Much has been made of the partisan divide when it comes to climate change. But are there Republicans out there who accept the science and believe in climate change? Believe it or not, there are –Bob Inglis, former South Carolina representative, is one of them.
During his six years in Congress, Inglis says, he dismissed climate change as “hooey.” It was the conviction of his 18-year-old son, followed by trips to the Arctic and Australia to see the effects of global warming for himself that convinced him of the urgency.
“[I] came home and introduced Raise Wages, Cut Carbon Act of 2009,” Inglis remembers, adding that it was “probably not a good idea to introduce a carbon tax in the midst of the great recession in the reddest district in the reddest state in the nation!” The bill died, and Inglis lost his next bid for congress to a tea party candidate.
But the seed was planted. Inglis went on to start RepublicEn.org, a non-profit coalition of conservative “energy optimists and climate realists.” The solutions, he believes, are based not in government subsidies and regulations, but in free enterprise, corporate accountability and stewardship.
John Hofmeister, a former Shell Oil executive, is another unlikely supporter of the climate change movement. During his tenure at the company he was instrumental in convincing the president of Shell to get out of the Global Climate Coalition, a big-oil conglomerate which Hofmeister calls “a fishy organization that seemed to promote one thing, but actually did another.”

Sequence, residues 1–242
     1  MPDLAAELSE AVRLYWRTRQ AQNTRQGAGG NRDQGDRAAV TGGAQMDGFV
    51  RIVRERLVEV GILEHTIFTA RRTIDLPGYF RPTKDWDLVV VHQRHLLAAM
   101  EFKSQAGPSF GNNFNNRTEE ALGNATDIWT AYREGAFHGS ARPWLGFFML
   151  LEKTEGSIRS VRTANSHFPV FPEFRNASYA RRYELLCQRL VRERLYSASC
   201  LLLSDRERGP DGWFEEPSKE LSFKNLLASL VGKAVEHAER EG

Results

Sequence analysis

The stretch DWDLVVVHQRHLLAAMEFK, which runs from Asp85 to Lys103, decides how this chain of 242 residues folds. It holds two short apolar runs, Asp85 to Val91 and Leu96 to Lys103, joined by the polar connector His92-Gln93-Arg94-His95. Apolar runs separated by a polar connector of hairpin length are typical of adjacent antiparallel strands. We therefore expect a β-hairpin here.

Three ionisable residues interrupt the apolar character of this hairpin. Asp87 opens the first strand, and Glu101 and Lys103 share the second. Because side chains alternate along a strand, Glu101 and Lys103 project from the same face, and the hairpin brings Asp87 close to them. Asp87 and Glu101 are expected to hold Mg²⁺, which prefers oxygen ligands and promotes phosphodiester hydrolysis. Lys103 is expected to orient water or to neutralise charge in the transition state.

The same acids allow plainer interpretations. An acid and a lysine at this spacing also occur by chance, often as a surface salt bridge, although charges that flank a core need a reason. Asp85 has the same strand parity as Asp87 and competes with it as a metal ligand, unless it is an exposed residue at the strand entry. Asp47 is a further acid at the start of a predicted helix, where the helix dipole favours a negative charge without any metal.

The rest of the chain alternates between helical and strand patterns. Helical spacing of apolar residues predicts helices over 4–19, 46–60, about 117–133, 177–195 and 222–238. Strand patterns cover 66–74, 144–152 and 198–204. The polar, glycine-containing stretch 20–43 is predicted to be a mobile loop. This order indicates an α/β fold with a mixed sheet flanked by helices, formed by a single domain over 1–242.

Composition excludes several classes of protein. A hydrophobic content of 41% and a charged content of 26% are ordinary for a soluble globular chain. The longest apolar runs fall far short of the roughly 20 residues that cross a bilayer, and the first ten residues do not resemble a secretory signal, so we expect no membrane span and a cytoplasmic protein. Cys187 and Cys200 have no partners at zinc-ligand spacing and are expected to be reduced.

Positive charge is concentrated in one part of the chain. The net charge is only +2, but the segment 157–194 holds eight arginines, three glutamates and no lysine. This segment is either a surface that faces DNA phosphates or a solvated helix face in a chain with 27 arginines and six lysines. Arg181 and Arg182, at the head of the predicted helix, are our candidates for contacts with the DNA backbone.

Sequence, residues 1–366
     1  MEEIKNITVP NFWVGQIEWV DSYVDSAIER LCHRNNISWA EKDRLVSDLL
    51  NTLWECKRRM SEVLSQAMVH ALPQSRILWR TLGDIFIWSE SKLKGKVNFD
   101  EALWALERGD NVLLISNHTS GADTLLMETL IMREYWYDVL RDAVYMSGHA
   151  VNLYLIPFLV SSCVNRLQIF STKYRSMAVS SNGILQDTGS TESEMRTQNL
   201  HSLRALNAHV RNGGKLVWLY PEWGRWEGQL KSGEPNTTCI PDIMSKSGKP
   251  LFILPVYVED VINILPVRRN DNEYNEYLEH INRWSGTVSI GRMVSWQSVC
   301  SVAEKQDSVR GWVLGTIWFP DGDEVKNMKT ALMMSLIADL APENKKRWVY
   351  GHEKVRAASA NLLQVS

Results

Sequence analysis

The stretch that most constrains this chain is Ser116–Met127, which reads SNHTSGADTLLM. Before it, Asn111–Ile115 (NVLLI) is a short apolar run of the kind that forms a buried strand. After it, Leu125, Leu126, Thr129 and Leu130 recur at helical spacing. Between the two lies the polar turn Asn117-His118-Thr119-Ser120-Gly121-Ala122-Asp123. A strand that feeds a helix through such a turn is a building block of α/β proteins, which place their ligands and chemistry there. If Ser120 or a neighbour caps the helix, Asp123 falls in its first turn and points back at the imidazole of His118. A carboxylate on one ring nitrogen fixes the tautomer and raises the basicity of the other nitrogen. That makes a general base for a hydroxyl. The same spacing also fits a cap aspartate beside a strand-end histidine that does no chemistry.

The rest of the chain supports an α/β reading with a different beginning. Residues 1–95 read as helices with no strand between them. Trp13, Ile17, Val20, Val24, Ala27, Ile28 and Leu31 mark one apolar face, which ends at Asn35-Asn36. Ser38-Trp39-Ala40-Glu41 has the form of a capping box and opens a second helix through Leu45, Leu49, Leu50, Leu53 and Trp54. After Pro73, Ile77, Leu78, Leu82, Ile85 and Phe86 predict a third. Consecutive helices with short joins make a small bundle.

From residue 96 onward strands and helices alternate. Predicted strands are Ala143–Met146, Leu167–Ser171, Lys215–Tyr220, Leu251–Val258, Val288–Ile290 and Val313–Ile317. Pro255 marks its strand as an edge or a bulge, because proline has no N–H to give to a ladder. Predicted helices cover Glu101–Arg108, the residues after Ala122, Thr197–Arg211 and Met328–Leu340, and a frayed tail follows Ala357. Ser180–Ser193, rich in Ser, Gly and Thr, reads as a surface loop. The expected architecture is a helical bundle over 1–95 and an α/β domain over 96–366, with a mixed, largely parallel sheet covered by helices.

“They seemed to be interested superficially in effects on climate,” says Hofmeister. “But in fact they were working to defeat any legislative effort to do anything that might amend how businesses practiced and how industry operates.”
Inglis, who admits that he is now more “Republican in name only,” believes that conservatism and populism are on a collision course – which will make it difficult to make progress. He describes the populist movement as a fire. “And if you think you can direct fire, you're wrong…it’s pitchforks and torches. You can burn down some houses. But you can't build anything because there's nothing to build with. All you’ve got is anger and pitchforks and torches. And those aren’t good tools for building.”
The new administration has, to no one’s surprise, not been kind to the climate change movement so far. With a president focused more on the art of the deal than the state of the planet, can both sides of the aisle come together on a solution? Conservative economists have argued for a carbon tax, even evoking free-market icon Milton Friedman in support of their cause.
“I think one has to distinguish the theory from the practice,” warns Jeremy Carl of the Hoover Institute. “And in theory, there could be a lot to be said for it, particularly if you're cutting it with offsetting taxes elsewhere. So it's not about growing government or creating a physical drag, having carbon tax. But the practical details I think frankly are still a huge hold up.”
Conservatives, he says, are skeptical of “where this would go, why it might get hijacked, what other things would go along with it. If we’re doing this, is it on top of a bunch of other rules and regulations that we've already got or are we getting rid of a bunch of subsidies?”
That view, Inglis says, is more cynical than skeptical. “The reality is, America is waiting for somebody to bring us together. Somebody to lead and say, you know what, conservatives, do you have anything to offer?”
Both sides need to admit there’s a problem, and to reach a compromise, continues Inglis. “The left has to say ‘listen, environmental justice later.’ The right has to say, ‘really, we can trust our fellow citizens to come up with a solution that works.’
“If we can't, the experiment in self-government has failed, and we need to call up the Queen and ask her back.”